BENCHMARKING INTERACTIVE SOCIAL NETWORKING ACTIONS
SUMITA BARAHMAND, DEPARTMENT OF COMPUTER SCIENCE, USC
ADVISER: PROFESSOR SHAHRAM GHANDEHARIZADEH
Dissertation- SPRING 2014
Copyright by Sumita Barahmand, 2014. All rights reserved.
Social networking sites such as Google+, Facebook, Twitter and LinkedIn, are cloud ser- vice providers for person to person communications. There are different approaches to building these sites ranging from SQL to NoSQL and NewSQL, Cache Augmented SQL, graph databases and others. Some provide a tabular representation of data while others offer alternative models that scale out. Some may sacrifice strict ACID (Atomicity, Consistency, Isolation, Durability) properties and opt for BASE (Basically Available, Softstate, Eventual consistency) to enhance performance. Independent of a qualitative discussion of these approaches and their merits, a key question is how do these systems compare with one another quantitatively?
This dissertation investigates the viability of a benchmark to address this question.
Our primary contribution is the design and implementation of a novel benchmark for interactive social networking actions named BG (http://bgbenchmark.org). BG’s design decisions are as follows: First, it rates the performance of a system for processing inter- active social networking actions by computing two values: Socialites and Social Action Rating (SoAR) using a pre-specified Service Level Agreement, SLA. An example SLA may require 95% of issued requests to observe a response time faster than 100 millisec- onds. Second, BG elevates the amount of unpredictable data produced by a solution to a first class metric, including it as a key component of the SLA (similar to the average re- sponse time) and quantifying it as a part of the benchmarking process. It also computes the freshness confidence to characterize the behavior of a weak consistency technique. Third, BG’s generated workload is characterized by reads and writes of a very small amount of data from big data. Fourth, BG is a modular, extensible framework that is agnostic to its underlying data store.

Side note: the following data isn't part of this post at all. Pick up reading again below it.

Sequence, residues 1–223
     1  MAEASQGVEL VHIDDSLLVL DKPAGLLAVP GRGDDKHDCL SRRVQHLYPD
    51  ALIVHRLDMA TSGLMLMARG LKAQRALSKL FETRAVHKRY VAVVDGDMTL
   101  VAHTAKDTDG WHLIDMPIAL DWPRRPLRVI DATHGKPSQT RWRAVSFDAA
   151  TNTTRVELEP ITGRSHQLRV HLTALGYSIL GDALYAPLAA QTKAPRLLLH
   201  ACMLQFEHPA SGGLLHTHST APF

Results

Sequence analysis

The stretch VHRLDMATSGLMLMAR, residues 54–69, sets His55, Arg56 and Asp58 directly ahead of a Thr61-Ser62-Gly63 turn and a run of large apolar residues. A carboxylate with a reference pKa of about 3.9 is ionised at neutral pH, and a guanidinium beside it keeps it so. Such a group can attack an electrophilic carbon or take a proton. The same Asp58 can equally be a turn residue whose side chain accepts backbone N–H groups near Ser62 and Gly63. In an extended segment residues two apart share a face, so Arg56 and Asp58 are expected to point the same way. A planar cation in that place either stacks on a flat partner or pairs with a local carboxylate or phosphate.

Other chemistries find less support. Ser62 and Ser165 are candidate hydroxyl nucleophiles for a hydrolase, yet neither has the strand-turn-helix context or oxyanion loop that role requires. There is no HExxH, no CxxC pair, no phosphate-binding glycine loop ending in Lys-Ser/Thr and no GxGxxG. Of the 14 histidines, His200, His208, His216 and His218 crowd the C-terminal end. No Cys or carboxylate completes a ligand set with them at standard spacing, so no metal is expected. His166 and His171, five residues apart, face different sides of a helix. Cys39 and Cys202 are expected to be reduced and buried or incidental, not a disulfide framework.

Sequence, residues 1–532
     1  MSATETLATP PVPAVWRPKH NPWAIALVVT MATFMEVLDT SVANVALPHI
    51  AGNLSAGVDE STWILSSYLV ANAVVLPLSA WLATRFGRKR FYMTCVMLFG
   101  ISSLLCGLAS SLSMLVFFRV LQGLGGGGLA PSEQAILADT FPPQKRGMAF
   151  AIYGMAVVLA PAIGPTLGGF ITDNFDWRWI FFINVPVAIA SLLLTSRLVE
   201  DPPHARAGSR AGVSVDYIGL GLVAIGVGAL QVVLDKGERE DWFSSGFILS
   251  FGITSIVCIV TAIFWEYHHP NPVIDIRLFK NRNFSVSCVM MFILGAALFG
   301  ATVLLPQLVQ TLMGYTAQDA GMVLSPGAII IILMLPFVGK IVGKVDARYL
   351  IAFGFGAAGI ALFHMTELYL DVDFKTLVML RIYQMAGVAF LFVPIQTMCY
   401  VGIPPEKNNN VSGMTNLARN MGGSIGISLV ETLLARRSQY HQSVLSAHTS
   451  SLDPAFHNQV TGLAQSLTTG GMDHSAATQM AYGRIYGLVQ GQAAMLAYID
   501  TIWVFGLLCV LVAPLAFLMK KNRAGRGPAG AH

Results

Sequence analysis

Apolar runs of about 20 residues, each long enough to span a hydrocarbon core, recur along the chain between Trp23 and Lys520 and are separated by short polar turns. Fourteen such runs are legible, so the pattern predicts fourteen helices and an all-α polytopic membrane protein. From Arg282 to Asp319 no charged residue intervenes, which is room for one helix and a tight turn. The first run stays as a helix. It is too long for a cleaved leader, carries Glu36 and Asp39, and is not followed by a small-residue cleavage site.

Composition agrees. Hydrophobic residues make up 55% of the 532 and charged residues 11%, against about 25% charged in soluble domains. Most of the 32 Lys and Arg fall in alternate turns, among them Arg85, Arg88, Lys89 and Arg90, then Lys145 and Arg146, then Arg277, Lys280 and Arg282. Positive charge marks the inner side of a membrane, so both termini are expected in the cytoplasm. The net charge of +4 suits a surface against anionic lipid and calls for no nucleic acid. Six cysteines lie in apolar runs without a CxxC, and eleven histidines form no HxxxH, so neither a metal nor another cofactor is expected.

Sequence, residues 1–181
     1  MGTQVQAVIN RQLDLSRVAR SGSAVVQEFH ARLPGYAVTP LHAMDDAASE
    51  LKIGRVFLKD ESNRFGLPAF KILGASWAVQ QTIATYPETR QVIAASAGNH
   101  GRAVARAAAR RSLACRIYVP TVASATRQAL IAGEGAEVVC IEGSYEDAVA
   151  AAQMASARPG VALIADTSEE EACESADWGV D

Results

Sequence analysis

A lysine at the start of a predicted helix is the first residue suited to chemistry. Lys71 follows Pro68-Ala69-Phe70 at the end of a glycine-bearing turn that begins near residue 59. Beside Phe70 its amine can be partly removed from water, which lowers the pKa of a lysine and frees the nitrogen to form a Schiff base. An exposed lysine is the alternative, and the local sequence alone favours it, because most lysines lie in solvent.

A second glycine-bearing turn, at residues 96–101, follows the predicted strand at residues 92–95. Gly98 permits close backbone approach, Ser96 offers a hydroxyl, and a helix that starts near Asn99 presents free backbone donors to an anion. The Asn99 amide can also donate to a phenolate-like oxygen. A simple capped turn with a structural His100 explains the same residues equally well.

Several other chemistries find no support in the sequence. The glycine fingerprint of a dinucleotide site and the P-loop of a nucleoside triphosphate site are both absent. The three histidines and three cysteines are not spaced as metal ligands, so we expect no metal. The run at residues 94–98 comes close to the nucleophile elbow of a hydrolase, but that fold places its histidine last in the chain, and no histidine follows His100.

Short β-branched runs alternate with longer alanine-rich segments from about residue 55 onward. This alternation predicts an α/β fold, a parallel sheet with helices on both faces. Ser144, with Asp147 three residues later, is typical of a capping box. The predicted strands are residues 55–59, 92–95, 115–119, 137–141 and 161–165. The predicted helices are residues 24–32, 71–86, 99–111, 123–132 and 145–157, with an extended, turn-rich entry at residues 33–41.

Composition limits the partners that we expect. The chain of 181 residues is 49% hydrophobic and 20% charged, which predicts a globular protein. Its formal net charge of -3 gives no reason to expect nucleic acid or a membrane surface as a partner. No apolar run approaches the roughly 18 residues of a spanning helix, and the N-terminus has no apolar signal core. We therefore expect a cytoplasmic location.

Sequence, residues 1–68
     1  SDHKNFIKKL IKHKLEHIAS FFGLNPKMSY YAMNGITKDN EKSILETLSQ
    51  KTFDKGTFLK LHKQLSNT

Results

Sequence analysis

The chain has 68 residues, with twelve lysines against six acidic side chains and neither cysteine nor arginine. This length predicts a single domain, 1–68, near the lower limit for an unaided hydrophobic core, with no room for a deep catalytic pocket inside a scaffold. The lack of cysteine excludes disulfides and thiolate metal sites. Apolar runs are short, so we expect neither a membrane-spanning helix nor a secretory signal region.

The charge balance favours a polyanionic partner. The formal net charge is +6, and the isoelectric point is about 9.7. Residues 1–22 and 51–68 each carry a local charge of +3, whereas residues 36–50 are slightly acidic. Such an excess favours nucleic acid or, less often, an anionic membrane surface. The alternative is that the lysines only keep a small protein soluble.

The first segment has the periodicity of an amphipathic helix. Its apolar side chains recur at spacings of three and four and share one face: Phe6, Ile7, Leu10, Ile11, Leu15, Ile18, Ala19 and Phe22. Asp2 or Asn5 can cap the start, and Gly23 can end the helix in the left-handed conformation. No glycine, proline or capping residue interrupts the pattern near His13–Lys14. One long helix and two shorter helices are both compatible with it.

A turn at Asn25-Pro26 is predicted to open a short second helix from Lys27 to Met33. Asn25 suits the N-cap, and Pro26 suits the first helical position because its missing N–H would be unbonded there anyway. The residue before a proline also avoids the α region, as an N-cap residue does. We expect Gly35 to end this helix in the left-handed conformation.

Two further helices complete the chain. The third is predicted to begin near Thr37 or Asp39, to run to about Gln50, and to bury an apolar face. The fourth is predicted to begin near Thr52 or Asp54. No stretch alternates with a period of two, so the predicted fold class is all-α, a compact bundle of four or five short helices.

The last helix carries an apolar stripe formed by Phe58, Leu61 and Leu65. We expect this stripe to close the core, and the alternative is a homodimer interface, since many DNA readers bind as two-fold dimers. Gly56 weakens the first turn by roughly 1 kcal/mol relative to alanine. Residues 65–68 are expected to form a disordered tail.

Fifth, BG employs a logical partitioning of data to scale both ver- tically and horizontally to thousands of nodes.
This is essential for evaluating scalable installations consisting of thousands of nodes. Finally, BG includes a visualization tool to empower an evaluator to monitor an in-progress benchmark and identify bottlenecks.
BG’s possible use cases are diverse. One may use BG to compare and contrast vari- ous data stores with one another, characterize tradeoffs associated with alternative physical representations of data, or quantify the behavior of a data store in the presence of various failures (either CP or AP of the CAP theorem) among the others. This dissertation demon- strates use of BG in two contexts. First, to rate an industrial strength relational database management system and a document store, quantifying their performance tradeoffs. This analysis includes the use of a middle tier cache (memcached) and its impact on the per- formance of each system. Second, to gain insight into alternative design decisions for implementing a social action by characterizing their behavior with different social graphs and system loads.
BG’s proposed framework is quite novel and opens several new research directions that benefit the systems research community.